Saturday, February 03, 2007

Phenomenologists And The Itch

Here is an example of how difficult it is to have precise knowledge about inner experience.

The phenomenologists, who specialize in observing their own inner experience, claim that a key feature of consciousness is intentionality: Consciousness is always conscious of something. I think this is untrue.

The five senses that we use to perceive the world have intentionality, and so the verbs we use to describe them can take objects: I see something, hear something, smell something, feel something, or taste something.

But there are other things in our consciousness that do not seem to have intentionality, such as a pain or an itch. An itch feels the same whether it is caused by a flea biting you or by a rash in your skin. You cannot say: "I itch a flea" or "I itch a rash." You simply say "I itch," without the itch having intentionality and refering to something beyond itself.

This seems to be a more primitive form of consciousness. We would be better off if the itch were about its cause. If you "itched a flea," that would be an unpleasant itch that you would want to scratch, getting rid of the flea. If you "itched a rash," that would be an itch that you would not want to scratch, since it is not healthy to scratch a rash. But apparently we never evolved to make this distinction between different itches, as we make the distinction between different sights or sounds.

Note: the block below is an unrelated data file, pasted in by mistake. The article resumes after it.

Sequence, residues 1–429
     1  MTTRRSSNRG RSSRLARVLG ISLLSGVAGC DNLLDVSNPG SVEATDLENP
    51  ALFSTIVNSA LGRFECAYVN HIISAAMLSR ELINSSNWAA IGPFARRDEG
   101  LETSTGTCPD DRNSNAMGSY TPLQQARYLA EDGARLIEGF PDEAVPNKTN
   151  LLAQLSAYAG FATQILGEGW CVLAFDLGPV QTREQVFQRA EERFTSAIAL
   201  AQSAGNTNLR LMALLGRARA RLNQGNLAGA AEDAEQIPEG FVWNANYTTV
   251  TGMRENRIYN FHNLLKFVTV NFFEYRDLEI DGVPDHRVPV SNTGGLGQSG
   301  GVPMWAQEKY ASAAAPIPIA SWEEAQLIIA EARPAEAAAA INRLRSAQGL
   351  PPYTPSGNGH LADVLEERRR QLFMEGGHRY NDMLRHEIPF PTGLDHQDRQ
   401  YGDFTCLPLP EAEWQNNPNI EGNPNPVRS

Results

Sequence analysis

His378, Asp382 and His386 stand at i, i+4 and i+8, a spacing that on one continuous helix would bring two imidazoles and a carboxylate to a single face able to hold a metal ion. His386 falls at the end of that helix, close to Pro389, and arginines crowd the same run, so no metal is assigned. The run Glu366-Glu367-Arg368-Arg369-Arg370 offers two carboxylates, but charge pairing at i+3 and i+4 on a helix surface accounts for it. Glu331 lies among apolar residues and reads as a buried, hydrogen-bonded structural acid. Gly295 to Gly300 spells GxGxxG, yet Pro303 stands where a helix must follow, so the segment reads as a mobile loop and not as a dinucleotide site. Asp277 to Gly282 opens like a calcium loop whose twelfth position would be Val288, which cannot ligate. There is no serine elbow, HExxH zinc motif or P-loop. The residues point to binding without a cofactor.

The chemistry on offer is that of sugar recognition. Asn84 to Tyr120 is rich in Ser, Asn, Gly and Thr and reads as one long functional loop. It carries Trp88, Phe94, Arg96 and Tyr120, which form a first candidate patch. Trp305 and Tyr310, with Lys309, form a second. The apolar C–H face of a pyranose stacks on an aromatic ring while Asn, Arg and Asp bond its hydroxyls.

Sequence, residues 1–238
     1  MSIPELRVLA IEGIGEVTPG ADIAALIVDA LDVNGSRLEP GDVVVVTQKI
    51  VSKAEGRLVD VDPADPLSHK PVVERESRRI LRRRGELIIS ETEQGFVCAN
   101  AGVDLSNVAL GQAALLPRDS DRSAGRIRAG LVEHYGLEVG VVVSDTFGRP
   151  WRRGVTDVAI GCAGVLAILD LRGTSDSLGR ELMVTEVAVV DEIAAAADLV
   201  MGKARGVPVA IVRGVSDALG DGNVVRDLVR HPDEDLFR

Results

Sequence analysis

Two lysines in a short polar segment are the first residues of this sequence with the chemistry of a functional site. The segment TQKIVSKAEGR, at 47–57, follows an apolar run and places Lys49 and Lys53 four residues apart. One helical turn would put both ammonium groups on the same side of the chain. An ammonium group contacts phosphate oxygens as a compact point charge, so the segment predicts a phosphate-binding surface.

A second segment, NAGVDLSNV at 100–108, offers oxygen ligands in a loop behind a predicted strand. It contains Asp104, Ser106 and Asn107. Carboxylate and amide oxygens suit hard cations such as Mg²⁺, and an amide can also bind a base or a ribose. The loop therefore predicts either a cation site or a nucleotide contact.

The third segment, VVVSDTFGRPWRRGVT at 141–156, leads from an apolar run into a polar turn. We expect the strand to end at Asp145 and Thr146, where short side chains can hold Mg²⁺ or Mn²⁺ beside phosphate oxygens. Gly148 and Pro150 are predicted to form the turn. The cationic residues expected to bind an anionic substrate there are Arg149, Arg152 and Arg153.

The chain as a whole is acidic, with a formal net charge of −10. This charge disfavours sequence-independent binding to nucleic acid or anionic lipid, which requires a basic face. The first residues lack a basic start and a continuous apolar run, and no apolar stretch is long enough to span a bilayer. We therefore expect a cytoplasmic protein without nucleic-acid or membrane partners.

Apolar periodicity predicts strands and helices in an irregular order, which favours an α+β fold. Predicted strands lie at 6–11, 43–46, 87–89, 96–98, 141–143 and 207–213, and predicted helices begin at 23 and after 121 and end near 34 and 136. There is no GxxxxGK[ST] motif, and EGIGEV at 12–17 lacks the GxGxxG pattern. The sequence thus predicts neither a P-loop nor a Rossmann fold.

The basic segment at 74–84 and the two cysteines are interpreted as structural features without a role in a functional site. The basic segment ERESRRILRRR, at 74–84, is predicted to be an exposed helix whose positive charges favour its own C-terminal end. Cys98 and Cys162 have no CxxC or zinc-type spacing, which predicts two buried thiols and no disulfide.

Among humans, you might say that an itch still has intentionality in the sense that it is about an irritation in some location on our body. But we locate itches in this way only because we are conscious of ourselves and of our bodies. Animals without self-consciousness might just react to an itch as an irritation without being conscious of its location.

Conceivably, there could be animals with consciousness but without any intentionality, without any awareness that the consciousness refers to something.

For example, when worms are exposed to the light, they squirm around to excape the light. Worms have light sensitive patches of skin but do not have eyes that focus the light and let them see objects. Conceivably, they are experience the light in the same way that we experience an itch or a pain.

If I have a pain in my lower back, I try to move in a way that reduces the pain - without any reference to an object in the world that is a source of the pain. Likewise, the worm may wriggle in a way that reduces the discomfort of being exposed to light, without any reference to something out in the world that is a source of the light.

We do not know whether a worm’s consciousness actually works in this way - or even whether a worm has consciousness. But it is conceivable that a worm could have this sort of consciousness without intentionality. The fact that we would still call if consciousness even though it does not have intentionality shows that intentionality is not a necessary feature of consciousness, as phenomenologists claim.

Despite all the time that they have spent thinking about their own inner experience, phenomenologists seem to have overlooked the itch.


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